“We are always concerned about dropouts, especially students from special populations,” said Moritz, such as newcomer immigrants, foster youth and homeless students. “There will be some students who will struggle with distance learning, despite support offered. And losing their access to resources at school is a significant disruption…We also understand that some students may be taking on additional work responsibilities during this time.”

Some seniors are taking care of younger siblings, working to help support their families, and are worried about what will happen if their parents get sick or aren’t making enough money, said Zapata. 

Even with the help Oakland is trying to provide, some students have struggled with distance learning.

Fremont High senior Malia Johnson, 18, has a laptop, but said her home internet access is weak. She has had to work in the same room as her mother and brother, which was a problem when one of them was on a Zoom call. 

Johnson said teachers reduced course workloads during distance learning. But she will still earn a grade in her dual enrollment psychology class, which is offered through a partnership with Peralta Community College. 

“I have a lot of supporters,” Johnson said, explaining that she keeps in contact with her teachers, school counselor and mentors from the Upward Bound program at Mills College and the nonprofit Students Rising Above program. “If I need help, I’m going to text them. But I know some students may not want to bother the teacher. My friend, when she needs help, she doesn’t ask the teachers.”

Oakland High senior Denilson Garibo, 17, said sometimes it was hard for him to focus on assignments when he was working in the three-bedroom home he shares with nine other people, including his parents, siblings, “aunties” and cousins.

“Our teachers have to be understanding that not all of us have the same mental health right now or the same living conditions,” he said before classes ended. “So, our teachers need to understand we’re not going to be able to finish some of the work they’re giving on time or we’re just not in the right state of mind.”

Garibo, one of two student directors on the school board, helped to present a report to the board Wednesday that included student survey results. They showed many students had trouble with distance learning due to distractions at home, limited internet access, lack of motivation and even depression.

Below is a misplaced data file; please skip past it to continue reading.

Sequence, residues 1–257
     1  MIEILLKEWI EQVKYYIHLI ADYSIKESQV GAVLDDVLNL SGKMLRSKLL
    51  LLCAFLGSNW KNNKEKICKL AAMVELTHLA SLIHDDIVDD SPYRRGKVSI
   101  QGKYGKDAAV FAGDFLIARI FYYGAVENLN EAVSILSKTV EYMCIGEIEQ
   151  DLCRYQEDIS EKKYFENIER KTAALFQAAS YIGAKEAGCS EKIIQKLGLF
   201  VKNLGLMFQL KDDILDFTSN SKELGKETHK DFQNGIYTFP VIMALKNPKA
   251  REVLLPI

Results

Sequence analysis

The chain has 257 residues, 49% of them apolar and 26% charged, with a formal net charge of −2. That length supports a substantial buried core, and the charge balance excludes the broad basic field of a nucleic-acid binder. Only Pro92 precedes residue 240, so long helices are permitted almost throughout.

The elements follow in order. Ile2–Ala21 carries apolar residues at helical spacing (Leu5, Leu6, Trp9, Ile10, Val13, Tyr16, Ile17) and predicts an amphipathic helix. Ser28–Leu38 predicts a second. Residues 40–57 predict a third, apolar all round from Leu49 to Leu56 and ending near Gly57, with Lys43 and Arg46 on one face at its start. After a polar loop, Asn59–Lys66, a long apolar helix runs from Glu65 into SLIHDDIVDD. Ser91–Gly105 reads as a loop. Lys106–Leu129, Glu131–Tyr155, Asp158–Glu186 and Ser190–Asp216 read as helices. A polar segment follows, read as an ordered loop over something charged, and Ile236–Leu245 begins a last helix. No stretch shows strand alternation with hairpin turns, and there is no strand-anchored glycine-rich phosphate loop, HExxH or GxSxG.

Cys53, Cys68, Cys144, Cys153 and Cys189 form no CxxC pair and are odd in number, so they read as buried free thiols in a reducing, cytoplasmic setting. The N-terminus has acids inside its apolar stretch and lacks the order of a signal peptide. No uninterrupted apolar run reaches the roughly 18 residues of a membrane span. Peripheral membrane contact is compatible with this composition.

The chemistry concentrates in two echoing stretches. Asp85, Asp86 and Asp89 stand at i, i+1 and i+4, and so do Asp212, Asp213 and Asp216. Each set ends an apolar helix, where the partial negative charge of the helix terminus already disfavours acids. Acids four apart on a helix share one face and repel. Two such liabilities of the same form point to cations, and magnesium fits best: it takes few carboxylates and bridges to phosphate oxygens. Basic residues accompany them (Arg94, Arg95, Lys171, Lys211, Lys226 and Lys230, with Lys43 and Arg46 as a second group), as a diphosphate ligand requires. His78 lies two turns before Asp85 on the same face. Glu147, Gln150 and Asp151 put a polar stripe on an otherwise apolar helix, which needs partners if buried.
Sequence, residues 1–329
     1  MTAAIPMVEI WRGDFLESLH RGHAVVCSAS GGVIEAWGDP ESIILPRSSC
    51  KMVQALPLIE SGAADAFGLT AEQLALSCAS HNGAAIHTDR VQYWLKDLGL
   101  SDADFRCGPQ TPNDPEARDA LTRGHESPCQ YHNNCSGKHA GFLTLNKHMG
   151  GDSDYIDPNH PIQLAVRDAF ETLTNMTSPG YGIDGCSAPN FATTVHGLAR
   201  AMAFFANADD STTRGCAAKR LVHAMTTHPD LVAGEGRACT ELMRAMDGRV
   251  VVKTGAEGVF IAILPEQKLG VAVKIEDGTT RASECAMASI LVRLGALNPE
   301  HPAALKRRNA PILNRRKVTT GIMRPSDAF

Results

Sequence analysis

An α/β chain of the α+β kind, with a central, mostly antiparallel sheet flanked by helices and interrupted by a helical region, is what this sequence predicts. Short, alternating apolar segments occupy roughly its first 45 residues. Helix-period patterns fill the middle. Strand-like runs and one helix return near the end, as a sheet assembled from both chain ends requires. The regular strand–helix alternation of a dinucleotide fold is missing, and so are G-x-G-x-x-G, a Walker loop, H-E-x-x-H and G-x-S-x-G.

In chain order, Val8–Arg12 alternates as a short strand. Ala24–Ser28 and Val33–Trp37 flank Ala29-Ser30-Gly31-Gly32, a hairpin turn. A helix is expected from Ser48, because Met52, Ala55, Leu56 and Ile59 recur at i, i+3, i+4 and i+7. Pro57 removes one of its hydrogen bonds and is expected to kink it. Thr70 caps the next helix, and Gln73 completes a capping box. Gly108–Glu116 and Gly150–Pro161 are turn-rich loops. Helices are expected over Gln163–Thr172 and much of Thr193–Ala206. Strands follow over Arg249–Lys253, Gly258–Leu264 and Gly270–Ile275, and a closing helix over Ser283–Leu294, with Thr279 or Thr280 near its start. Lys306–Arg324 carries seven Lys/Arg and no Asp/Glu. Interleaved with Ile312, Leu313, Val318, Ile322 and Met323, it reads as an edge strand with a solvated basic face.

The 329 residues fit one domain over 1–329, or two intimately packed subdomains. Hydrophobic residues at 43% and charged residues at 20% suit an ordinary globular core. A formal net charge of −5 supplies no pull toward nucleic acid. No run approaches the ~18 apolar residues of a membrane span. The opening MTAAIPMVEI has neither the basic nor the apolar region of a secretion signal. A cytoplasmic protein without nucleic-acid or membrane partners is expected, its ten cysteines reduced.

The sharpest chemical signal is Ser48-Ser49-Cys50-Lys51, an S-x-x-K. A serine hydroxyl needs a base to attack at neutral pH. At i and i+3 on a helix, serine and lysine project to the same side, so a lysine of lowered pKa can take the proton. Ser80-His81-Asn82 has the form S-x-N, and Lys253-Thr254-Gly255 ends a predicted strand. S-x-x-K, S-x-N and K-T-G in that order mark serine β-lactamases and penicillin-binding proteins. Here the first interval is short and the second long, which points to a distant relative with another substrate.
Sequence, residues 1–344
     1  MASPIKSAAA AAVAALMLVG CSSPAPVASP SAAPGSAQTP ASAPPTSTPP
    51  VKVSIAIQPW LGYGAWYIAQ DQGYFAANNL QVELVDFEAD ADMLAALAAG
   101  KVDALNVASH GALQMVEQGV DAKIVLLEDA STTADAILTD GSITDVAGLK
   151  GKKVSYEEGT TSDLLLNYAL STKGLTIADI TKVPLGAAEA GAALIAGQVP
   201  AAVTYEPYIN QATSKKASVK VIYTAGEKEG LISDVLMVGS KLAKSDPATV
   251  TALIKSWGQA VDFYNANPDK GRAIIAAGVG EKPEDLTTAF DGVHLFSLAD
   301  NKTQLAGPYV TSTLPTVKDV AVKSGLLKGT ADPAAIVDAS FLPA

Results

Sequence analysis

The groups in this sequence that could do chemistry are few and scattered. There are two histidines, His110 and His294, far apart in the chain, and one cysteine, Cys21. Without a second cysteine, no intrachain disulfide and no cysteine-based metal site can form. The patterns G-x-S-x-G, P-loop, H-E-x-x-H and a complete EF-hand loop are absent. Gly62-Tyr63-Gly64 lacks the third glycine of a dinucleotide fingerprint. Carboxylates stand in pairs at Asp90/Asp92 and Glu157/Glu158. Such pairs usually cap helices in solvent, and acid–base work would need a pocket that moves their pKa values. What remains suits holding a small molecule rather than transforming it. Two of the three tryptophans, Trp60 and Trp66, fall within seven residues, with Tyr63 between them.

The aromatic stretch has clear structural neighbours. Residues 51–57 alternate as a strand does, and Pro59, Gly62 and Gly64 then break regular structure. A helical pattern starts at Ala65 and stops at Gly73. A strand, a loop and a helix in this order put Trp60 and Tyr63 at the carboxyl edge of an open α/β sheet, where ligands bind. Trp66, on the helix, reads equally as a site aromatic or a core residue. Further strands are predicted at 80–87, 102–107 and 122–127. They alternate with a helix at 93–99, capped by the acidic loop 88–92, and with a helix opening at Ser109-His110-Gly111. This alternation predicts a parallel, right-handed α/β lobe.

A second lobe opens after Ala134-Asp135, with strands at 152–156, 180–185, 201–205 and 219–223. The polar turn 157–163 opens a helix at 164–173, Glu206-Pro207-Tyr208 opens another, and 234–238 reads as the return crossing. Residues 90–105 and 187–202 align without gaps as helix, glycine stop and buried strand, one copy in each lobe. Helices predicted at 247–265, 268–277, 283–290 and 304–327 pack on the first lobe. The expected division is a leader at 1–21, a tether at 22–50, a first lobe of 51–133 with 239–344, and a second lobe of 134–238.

Despite the academic and emotional challenges, or maybe because of them, students said they were looking forward to graduation — whatever form that might take. 

Each high school has its own plan for senior activities, which include virtual celebrations from May 22 through June 5 and in-person celebrations later in the year. To help make the Skyline High celebration special, Oscar-award winning actor Tom Hanks, who graduated from the school in 1974, gave a commencement address to the seniors.

“Always understand that you have been chosen by fate to lead the way in whatever our post-pandemic world is going to be,” he said. “Make it a great one, would you? We’re all relying on you.”

In addition, the district is planning a citywide virtual graduation ceremony on June 6.

Johnson and Garibo are trying to stay optimistic. They will each take part in their school’s virtual graduations on June 5, with the hope of attending in-person graduations postponed until November or December.

“I’d rather walk the stage for the traditional graduation,” Garibo said. “But that is our last alternative and there’s nothing else we can do.”

Johnson, who is class valedictorian, said she has already recorded her speech, which will be part of the virtual graduation ceremony. 

“I tried to keep an inspirational theme because it’s kind of a bummer that our senior year was kind of ruined,” she said. “I tried to remind them that we had three other good years and we’re still getting a diploma. This situation is very unique and it’s not going to be forgotten. There are other memories we can make in the future to make up for the ones we weren’t able to make this year.”

Editor’s Note: As a special project, EdSource is tracking developments in the Oakland Unified and West Contra Costa Unified School Districts as a way to illustrate some of the challenges facing other urban districts in California. West Contra Costa Unified includes Richmond, El Cerrito and several other East Bay communities.